Lance Hildefuns

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About Lance Hildefuns

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  • Gender
  • Location
    Perth, Western Australia
  • Interests
    Knife making, SCA fighting, armouring, cold beer, warm women and a good laugh
  1. G-day Burkey. Good to have ya on board.
  2. I love this idea. Living in WA. However BAWA seems to be a very popular indian word when searching for this page.
  3. Hi I have a friend who is currently in Brisbane and would like to see some of the local smithing. Does anyone have any information about local workshops, clubs or upcomming events he could check out. Please feel free to pm me if you are uncomfortable about putting the information up here for all to see. Your privacy will be respected
  4. Thanks heaps for this thread guys. I always find it interesting to find out the silly things we used to do in past industrial ventures. I myself have noticed a massive change in attitudes in the last 10 years alone! The "just get it done" hero is a dying breed. Mostly because they are now actually a dying breed. Which tends to limit any feedback that can be had on the practices of the day. Unfortunatly I have noticed the "cotton wool" approach causing its own problems in the youth of today. Regardless of work environment.
  5. Congratulations on the new vice Blake. Getting something for free, in serviceable condition, is bound to put a smile on your face. :rolleyes: Happy hammering
  6. Lance Hildefuns


    Good call, a little charisma goes a long way. It looks like the top steel plate is about 1/2" thick. Should be fine IMO as long as you don't do anything rash on that side. I am definatly developing a warm spot for old tooling myself, the more I look around this site.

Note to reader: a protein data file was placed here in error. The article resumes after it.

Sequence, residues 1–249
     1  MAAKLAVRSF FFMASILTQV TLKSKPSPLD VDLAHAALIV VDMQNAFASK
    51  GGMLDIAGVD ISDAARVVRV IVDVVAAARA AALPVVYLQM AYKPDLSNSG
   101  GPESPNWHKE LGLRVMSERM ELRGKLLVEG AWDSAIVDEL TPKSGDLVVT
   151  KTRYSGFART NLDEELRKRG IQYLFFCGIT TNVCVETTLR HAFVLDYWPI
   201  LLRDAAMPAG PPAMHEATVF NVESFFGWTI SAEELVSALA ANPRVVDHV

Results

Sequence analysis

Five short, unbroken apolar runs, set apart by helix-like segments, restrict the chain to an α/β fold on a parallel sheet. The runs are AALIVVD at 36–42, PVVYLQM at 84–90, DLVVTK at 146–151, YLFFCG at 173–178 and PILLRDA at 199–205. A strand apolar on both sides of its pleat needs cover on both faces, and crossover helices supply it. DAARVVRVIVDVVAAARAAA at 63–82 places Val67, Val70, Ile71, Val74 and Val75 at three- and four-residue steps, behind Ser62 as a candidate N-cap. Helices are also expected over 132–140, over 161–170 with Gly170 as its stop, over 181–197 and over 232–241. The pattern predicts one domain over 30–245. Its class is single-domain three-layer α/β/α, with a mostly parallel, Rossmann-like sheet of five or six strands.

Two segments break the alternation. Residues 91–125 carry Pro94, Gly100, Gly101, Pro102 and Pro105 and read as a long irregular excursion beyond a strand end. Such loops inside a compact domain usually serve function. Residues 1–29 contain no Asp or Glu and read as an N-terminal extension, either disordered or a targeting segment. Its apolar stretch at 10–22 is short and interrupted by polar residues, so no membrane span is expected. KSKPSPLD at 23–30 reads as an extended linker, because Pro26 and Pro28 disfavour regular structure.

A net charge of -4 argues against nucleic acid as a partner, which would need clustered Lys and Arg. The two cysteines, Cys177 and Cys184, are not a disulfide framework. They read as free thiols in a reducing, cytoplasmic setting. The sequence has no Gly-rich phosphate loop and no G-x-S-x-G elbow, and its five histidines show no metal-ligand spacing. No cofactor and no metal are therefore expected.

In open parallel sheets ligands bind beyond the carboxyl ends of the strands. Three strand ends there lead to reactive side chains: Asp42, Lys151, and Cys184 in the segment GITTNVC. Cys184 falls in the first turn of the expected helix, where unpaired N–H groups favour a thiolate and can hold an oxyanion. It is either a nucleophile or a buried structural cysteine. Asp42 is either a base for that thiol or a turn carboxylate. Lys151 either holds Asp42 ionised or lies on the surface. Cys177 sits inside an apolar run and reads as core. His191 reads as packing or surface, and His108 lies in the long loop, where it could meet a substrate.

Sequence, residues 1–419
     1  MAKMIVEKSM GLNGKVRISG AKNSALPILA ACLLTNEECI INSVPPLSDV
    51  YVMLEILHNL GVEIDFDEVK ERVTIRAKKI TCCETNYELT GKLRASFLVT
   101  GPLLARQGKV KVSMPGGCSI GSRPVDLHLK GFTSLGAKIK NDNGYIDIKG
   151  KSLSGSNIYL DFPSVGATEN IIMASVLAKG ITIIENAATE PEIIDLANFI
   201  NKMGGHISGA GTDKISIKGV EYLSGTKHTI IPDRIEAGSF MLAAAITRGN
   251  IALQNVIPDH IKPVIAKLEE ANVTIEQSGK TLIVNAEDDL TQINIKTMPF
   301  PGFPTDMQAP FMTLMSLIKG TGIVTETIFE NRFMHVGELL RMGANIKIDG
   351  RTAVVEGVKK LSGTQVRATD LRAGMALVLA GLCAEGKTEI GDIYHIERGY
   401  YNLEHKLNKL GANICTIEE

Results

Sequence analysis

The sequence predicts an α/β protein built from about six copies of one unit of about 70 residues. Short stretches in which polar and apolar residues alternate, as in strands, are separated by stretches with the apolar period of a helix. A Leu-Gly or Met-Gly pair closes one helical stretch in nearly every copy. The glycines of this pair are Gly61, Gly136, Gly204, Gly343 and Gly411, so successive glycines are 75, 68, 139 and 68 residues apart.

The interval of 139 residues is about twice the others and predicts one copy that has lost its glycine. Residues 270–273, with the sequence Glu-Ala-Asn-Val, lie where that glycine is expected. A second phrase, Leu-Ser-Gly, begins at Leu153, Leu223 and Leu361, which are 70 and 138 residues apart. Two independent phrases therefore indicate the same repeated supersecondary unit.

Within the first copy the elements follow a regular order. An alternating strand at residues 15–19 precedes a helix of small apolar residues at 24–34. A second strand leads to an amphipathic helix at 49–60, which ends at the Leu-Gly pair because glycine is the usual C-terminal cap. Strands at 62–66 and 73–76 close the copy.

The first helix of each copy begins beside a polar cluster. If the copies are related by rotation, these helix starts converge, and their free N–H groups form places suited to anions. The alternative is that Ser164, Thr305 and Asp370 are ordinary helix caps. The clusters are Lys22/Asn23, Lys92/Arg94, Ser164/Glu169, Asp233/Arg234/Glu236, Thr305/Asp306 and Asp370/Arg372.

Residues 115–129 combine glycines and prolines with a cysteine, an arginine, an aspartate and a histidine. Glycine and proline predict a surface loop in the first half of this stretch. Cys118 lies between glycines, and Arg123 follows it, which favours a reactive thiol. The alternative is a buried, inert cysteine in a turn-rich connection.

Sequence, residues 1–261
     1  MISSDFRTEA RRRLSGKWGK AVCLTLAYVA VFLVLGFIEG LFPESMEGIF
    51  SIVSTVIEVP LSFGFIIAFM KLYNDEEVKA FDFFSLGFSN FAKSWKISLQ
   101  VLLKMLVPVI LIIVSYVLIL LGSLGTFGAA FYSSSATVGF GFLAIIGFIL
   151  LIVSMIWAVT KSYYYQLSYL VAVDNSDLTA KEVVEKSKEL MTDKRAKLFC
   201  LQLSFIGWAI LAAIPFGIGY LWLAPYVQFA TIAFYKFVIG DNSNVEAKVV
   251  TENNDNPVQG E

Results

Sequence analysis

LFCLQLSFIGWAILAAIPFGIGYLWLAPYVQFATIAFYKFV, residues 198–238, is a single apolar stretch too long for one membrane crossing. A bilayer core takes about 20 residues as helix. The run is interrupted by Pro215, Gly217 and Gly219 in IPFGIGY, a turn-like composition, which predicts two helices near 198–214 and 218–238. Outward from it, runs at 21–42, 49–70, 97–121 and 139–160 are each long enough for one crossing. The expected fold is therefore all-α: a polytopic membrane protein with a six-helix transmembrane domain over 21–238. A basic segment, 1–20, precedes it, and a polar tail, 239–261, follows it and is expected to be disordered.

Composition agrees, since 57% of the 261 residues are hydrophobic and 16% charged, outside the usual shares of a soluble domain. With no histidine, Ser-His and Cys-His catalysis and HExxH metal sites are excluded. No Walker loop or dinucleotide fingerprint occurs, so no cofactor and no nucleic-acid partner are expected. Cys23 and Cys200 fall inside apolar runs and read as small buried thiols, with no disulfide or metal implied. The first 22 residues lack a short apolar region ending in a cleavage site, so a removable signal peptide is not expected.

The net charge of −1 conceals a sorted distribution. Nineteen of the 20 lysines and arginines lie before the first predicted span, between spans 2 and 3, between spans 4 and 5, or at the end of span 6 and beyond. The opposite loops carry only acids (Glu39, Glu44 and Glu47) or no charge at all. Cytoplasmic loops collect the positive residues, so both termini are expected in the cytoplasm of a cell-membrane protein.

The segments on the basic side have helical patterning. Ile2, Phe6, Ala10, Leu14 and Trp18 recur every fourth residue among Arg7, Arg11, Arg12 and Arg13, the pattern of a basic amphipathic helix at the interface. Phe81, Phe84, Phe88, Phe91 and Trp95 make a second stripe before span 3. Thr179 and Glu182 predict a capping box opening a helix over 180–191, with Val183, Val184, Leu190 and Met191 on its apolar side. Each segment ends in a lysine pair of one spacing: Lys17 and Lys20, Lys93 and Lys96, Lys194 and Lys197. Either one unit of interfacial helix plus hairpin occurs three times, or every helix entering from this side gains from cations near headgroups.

7. Lance Hildefuns

    CNC Cut Anvil

    Very nice. Keep that pattern handy.
  8. Lance Hildefuns

    IMG 0001

    I am so crushed right now. I looked at your profile and saw WA thinking Western Australia, but crushed. Going to cry myself to sleep and dream of hidden treasure hoards of anvils and leg vices lol
  9. Thank you Bob S .....I got a real kick out of that :) dmac2 (Don McNeil) Machining out the pulley shouldn't prove to be much of a problem for any local machine shop. I would consider that part almost hobby lathe size capable. The pulley is able to be held on the inside of the rim by reversing the jaws on the lathe chuck. (You remove them, spin them 180 and re-insert them so that the stepped tier is largest on the outside and stepps down in towards the center of the chuck. This effectivly reduces the diameter you are trying to grip. If done carefully (packed with sandpaper to prevent jaw marks) and dailed up true. It is possible to do this without leaving any marks. You shouldn't have any problems with this method due to the softness of the bearing material being machined. The bearing material sounds remarkably similar to what I have heard called "old school, white metal" and is relativly soft due to the lead content and machines very easily. Modern "white metal" no longer has the lead content due to health and saftey issues. It's a little harder but very similar otherwise. If you get a young machinist, just tell them that "she's an old girl, treat her gently" If they go hard there is the possibility (though slight) of damaging the bond of the soft bearing material to the housing. Either pushing it through or causing it to spin in the housing at a later date. Hope this helps.
  10. Lance Hildefuns


    The top still looks in pretty good nick though. Congrats on the purchase. I look forward to seeing what you produce.
  11. Lance Hildefuns


    Wow! That is some pretty serious pitting! How are you planning to fix it? Weld and grind?
  12. Nice! I especially like the upward curve of the twist bar towards the tip. Lots of character
  13. I am curious to see pics of this. I have never heard of "pouring" a bearing before. I have only ever seen one white metal bearing and it was a press fit insert.